Dental problems in rabbits: How to recognize the symptomsRabbits hide that they are not well. Keepers therefore often notice late when something is wrong. Dental problems are then often already far advanced and the treatment expensive. DeineTierwelt explains what you have to watch out for.
Photo: Markus Scholz/dpa-tmn
When rabbits are sick, they often suffer in secret for a long time: "As prey animals, they are masters at hiding diseases," says veterinarian Cecilia Siedl. In wild rabbits a weak animal means danger for the whole group – and sick animals are excluded to protect the clan.
Domestic rabbits behave in a similar way: they hide symptoms of disease as well as possible. "When you see obvious symptoms in a rabbit, the disease is often already far advanced, so you have to act quickly."
Eating behavior gives clues to dental problems in rabbits
For many owners, dental problems as a cause are a surprising finding when one of their animals suddenly stops eating well or has digestive problems. If you know the signs, you can detect dental problems as early as possible: "It may be that an animal has an increased flow of saliva, so that the fur around the mouth is sticky or even matted," says Siedl. In case of severe problems, even the whole chest can be stuck together with saliva.
Photo: Patrick Pleul/dpa-centralpicture/dpa-tmn
Feeding behavior can also indicate dental problems: It is noticeable, for example, if an animal prefers to eat soft leaf lettuce rather than hay rich in crude fiber, which has to be chewed a lot. "Some dental patients also come running joyfully to the feeding, but when they then start to eat, they chew on a leaf for what feels like an eternity or it even falls out of their mouth again unchewed," says the veterinarian. Weight loss can also indicate dental problems.
This is why you should not feed pellets
If you want to prevent dental problems, you should pay particular attention to feeding your dog the right food. Rabbit teeth grow for a lifetime. That's why it's important to wear them down regularly. "Tooth substance is very hard," says Siedl. The only thing teeth can wear down on, therefore, is tooth-to-tooth contact.
"There is a persistent myth that teeth will wear down on hard bread or breadsticks," she adds. But this is not true – instead, they would even have a negative impact on teeth and digestion.
According to the veterinarian, an optimal diet consists of fresh and species-rich green fodder. Hay should always be available to the animals. Meadow herbs, such as dandelion, ribwort, clover and yarrow are suitable.
Photo: Jan-Peter Schmidt/Kaninchenhilfe Deutschland e.V./dpa-tmn
In addition, rabbits should regularly receive fresh branches from trees such as willows or fruit trees. Even in winter, animals kept outdoors should be fed fresh food composed of cabbage, bitter lettuce, herbs, greens and other leafy vegetables such as spinach.
Pelleted food is unfavorable in several ways: the chewing movements involved in crushing pellets are different from the lateral movements involved in grass, leafy greens or vegetables. Therefore, they hardly wear down the teeth and can also exert prere on the teeth and thus promote inflammation. In addition, pellets slow down digestion, swell up in the stomach and thus saturate more, so that rabbits eat less fresh food as a result.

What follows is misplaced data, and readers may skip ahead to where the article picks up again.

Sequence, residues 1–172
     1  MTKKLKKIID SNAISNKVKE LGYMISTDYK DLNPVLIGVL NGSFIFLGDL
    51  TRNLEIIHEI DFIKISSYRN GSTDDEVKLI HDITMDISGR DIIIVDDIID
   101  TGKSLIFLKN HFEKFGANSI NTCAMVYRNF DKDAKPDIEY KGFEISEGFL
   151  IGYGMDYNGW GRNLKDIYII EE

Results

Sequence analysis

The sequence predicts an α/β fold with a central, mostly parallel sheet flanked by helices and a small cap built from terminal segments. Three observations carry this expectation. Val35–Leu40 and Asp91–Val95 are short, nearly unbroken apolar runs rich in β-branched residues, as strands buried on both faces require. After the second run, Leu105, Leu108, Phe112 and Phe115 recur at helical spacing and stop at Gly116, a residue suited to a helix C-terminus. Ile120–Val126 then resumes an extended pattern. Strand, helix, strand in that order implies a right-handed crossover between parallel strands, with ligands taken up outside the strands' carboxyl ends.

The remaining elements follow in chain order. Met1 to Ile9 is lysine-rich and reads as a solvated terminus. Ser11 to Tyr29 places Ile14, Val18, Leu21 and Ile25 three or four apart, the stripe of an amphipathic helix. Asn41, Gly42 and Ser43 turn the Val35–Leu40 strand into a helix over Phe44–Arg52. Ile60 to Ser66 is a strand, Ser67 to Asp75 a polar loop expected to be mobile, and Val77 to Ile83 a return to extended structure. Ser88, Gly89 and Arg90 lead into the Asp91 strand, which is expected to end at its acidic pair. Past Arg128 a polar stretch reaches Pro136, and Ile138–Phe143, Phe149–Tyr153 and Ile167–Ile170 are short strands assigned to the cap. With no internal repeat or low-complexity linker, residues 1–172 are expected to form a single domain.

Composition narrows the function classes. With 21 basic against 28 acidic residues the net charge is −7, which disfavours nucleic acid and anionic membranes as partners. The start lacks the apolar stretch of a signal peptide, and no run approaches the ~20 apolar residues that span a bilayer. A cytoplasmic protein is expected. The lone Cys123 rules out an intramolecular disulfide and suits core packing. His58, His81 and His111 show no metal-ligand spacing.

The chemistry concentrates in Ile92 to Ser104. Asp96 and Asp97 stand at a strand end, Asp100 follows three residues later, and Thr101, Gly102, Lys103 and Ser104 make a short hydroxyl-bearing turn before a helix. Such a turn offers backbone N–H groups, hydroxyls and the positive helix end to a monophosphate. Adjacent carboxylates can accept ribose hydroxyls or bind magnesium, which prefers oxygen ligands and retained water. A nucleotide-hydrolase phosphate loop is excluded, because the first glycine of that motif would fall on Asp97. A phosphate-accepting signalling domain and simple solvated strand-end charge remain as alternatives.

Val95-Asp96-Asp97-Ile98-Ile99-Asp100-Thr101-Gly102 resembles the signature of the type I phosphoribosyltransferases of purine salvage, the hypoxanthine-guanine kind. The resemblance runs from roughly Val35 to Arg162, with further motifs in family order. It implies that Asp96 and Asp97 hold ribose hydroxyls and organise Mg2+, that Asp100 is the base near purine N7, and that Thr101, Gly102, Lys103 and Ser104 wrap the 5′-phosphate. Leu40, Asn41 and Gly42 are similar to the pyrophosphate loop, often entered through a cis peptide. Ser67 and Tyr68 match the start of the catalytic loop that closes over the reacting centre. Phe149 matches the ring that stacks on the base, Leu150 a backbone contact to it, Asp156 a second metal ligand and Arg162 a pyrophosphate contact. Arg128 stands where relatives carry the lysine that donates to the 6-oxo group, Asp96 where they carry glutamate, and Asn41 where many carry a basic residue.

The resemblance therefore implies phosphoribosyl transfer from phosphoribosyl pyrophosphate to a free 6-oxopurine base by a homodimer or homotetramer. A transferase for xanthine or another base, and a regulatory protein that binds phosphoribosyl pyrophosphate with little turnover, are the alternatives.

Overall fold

Many dental problems are related to incorrect feeding
The majority of dental problems over the course of a rabbit's life are related to feeding errors, says veterinarian Diana Ruf. In addition, there are breeds that are more prone to dental problems. Ruf: "This includes especially rabbits with particularly short heads. Breeds such as rams, which are prone to ear infections, are also more likely to have dental problems."Due to ear pain, many animals chew differently, which can affect their dentition.
Diagnosing dental problems at the vet requires some practice: it is basically important to choose a vet who knows rabbits well. A trained veterinarian can see the incisors from the front when looking at them. From the side as well as looking at the molars hidden far back in the mouth to get a first impression. "Usually, however, these are problems with the roots of the teeth, so an exact diagnosis with the naked eye is not possible," says Ruf.
Photo: Oliver Berg/dpa/dpa-tmn
The majority of the tooth and especially the tooth root are hidden in the jaws. "That's why dental diagnosis in rabbits requires imaging procedures such as special radiographs or high-resolution CT scans."
Because dental problems are not noticed until late in many animals, treatment is often costly: "If several tooth roots are affected and the jawbone is altered, these animals can no longer be cured, but they can often be managed well for years with targeted treatment," says Ruf. Sometimes teeth are extracted, sometimes the dentition is ground back in, often several times. These treatments are similar to good X-rays only possible under anesthesia.
Check incisors and jaws once a week
Keepers should ideally check the incisors of their rabbits once a week from the front and from the side. Teeth should be smooth and shiny and have no transverse grooves – longitudinal grooves, on the other hand, are normal. And: "The lower incisor must be behind the upper incisor."
Behind the upper incisors rabbits have a second row of teeth with two pivot teeth. These should be straight. "In addition, it is useful for a rabbit to be weighed weekly for early detection of dental disease," Ruf advises. You should also scan the jaw once a week.